Mary Margaret Olohan
Over 100 Republican lawmakers called on the Food and Drugs Administration Thursday to preserve restrictions on at-home abortion drugs.
Republican Mississippi Sen. Cindy Hyde-Smith and Republican Ohio Rep. Bob Latta led the lawmakers in sending a letter to FDA Acting Commissioner Janet Woodcock highlighting President Joe Biden’s administration’s plans to lift the FDA’s restrictions on abortion drugs, allowing the abortion pills to be delivered by mail during the coronavirus pandemic.
“The FDA should not remove or weaken the existing [risk evaluation and mitigation strategy] on mifepristone when the insufficient data available suggests that mifepristone endangers women’s health,” the letter said. “Requests to remove the in-person requirements for chemical abortion look the other way on women’s health and scientific data for the sake of advancing a political agenda.”
“Allowing this drug to be available without medical supervision will have dire consequences for women and children,” the letter added.
Susan B. Anthony List President Marjorie Dannenfelser praised the lawmakers for their efforts, warning that “the FDA’s decision to abandon safety regulations for abortion drugs is purely political, and prioritizes abortion industry profits over the health and safety of women.”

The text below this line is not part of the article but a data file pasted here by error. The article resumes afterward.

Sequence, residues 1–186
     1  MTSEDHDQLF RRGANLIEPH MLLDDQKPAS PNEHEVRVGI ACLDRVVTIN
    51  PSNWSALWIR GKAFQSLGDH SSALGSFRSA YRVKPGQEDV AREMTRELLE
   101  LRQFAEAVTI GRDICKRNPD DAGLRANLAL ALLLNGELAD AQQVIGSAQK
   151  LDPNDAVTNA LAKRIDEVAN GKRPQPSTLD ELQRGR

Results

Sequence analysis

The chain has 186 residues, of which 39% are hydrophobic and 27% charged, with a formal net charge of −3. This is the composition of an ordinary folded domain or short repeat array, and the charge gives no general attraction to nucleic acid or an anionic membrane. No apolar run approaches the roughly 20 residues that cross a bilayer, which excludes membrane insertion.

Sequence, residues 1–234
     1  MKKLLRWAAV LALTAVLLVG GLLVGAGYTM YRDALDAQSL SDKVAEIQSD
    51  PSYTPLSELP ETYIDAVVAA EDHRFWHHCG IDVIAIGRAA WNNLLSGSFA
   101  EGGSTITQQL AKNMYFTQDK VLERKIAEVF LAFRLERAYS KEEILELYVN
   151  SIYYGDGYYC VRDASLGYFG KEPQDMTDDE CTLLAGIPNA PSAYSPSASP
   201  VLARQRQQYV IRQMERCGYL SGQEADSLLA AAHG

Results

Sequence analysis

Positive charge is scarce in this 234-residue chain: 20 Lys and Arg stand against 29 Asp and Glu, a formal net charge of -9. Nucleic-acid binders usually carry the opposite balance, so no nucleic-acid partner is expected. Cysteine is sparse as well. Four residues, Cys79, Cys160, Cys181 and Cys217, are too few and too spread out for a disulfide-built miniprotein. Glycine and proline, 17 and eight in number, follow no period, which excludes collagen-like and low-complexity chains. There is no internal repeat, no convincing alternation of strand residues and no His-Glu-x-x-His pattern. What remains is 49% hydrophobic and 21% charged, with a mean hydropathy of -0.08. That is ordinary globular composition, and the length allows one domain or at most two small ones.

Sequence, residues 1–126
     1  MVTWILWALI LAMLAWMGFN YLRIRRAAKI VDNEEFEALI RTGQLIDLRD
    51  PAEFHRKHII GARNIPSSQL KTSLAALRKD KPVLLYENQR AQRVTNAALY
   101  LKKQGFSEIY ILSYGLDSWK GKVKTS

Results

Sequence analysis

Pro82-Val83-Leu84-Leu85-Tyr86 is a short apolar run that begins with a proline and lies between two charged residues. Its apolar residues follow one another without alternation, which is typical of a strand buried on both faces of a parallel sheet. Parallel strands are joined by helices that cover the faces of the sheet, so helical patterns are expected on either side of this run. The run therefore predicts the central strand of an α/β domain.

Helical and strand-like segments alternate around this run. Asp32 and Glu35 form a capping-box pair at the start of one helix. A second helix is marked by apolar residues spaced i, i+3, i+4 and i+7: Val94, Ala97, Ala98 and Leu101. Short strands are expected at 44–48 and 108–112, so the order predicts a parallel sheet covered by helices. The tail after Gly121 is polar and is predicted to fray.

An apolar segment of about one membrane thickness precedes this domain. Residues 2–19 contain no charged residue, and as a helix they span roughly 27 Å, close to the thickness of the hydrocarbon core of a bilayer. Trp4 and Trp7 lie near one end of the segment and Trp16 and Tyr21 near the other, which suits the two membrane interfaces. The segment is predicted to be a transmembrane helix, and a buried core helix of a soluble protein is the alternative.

The Supreme Court backed former President Donald Trump’s policy in January that the pills could not be dispensed by mail during the COVID-19 pandemic. But in a letter last week, Woodcock said that sending the drugs by mail will not increase risks for women and will protect those who want the drugs from COVID-19.
The American College of Obstetricians and Gynecologists had challenged the Trump administration’s requirement shortly after the death of Supreme Court Justice Ruth Bader Ginsberg, but the court declined to intervene, allowing abortion clinics to continue administering the drugs remotely. The justices in January granted the Trump administration’s request that the rules be reinstated in a 6-3 decision.
The Biden administration also put a cautionary pause April 13 on the use of Johnson & Johnson’s coronavirus vaccine after six women reportedly developed “rare and severe” blood clots. The pause is recommended by both the Centers for Disease Control and Prevention and the FDA.
The FDA had approved the use of the abortion drug mifepristone, also called Mifeprex, in 2000 for up to 10 weeks’ gestation. But the FDA explicitly warned that buyers should not purchase Mifeprex over the Internet “because they will bypass important safeguards designed to protect their health.”
The FDA updated its website April 13 to note that it conducted a “careful scientific review” of both in-person and by-mail dispensing of the drugs, “either by or under the supervision of a certified prescriber, or through a mail-order pharmacy when such dispensing is done under the supervision of a certified prescriber.”
The FDA did not immediately respond to a request for comment from the Daily Caller News Foundation.
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